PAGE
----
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Unstructured Data Extends Beyond Social

Unstructured Data Extends Beyond Social

Sejal Sura
By Sejal Sura
November 9, 2015

Even as early as 2003, before Facebook and Twitter were founded and before the release of the first iPhone, unstructured data comprised 85% of all data ( However, it was the explosion of social data that prompted companies to invest in mining unstructured data.  Companies which limit the mining of unstructured data to social media fail to obtain a holistic view of the customer, resulting in creating fragmented customer experiences

There are many other unstructured data sources, which provide more history and context that should be leveraged to address business needs.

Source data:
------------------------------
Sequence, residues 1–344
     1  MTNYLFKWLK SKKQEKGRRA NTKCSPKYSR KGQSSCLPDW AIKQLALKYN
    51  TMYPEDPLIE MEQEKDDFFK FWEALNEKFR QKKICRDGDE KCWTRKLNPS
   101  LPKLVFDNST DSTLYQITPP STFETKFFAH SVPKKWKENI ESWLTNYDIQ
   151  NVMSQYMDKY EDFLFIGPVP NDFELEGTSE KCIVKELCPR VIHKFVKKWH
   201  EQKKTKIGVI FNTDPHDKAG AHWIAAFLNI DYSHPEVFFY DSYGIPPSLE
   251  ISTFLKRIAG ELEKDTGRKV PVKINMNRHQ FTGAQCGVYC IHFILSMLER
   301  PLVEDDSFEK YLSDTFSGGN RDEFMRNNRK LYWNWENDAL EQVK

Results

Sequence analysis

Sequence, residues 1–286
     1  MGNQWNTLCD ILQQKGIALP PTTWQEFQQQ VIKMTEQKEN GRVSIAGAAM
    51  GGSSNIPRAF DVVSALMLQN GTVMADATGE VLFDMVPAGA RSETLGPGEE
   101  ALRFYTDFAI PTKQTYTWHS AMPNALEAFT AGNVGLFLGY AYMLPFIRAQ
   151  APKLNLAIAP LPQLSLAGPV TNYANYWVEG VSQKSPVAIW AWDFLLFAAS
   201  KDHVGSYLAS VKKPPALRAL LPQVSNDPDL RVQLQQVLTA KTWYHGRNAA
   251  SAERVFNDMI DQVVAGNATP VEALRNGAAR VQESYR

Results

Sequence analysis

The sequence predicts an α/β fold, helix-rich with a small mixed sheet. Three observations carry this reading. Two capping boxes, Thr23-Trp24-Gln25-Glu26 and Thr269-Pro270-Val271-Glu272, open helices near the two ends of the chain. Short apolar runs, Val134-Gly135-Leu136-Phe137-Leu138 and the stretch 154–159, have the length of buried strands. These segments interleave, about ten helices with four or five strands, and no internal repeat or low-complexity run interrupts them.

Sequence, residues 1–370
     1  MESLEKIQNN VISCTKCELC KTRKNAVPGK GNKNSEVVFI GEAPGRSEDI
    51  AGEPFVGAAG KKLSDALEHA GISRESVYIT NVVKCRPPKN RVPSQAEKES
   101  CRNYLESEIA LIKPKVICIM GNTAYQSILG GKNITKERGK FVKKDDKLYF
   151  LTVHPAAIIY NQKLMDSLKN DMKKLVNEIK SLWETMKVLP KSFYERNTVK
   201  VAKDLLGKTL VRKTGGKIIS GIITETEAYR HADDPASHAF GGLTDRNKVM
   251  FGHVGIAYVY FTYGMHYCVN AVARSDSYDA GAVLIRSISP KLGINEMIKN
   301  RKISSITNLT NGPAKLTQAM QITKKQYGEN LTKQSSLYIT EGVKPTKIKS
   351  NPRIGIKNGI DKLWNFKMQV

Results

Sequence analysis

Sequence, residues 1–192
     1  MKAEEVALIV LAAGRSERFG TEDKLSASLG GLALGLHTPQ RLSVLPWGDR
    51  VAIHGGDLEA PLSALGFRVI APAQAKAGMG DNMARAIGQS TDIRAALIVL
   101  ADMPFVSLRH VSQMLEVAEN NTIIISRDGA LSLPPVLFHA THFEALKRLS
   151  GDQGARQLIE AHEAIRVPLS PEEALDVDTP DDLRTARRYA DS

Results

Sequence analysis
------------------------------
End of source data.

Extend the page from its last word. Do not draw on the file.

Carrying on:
Examples of Unstructured Data Sources:

  • Call Center data
  • Email messages
  • PowerPoint slides/word documents
  • Sensory data
  • Telephony data
  • Web log data
  • Web page content
  • Video/audio/image files

A newer unstructured data source that is growing exponentially is open data. This data is freely available to everyone to use and republish.  Most frequently available open data is from the government and science sectors.  The purpose of open data is to provide transparency, new knowledge from combined data sources and fuel innovation.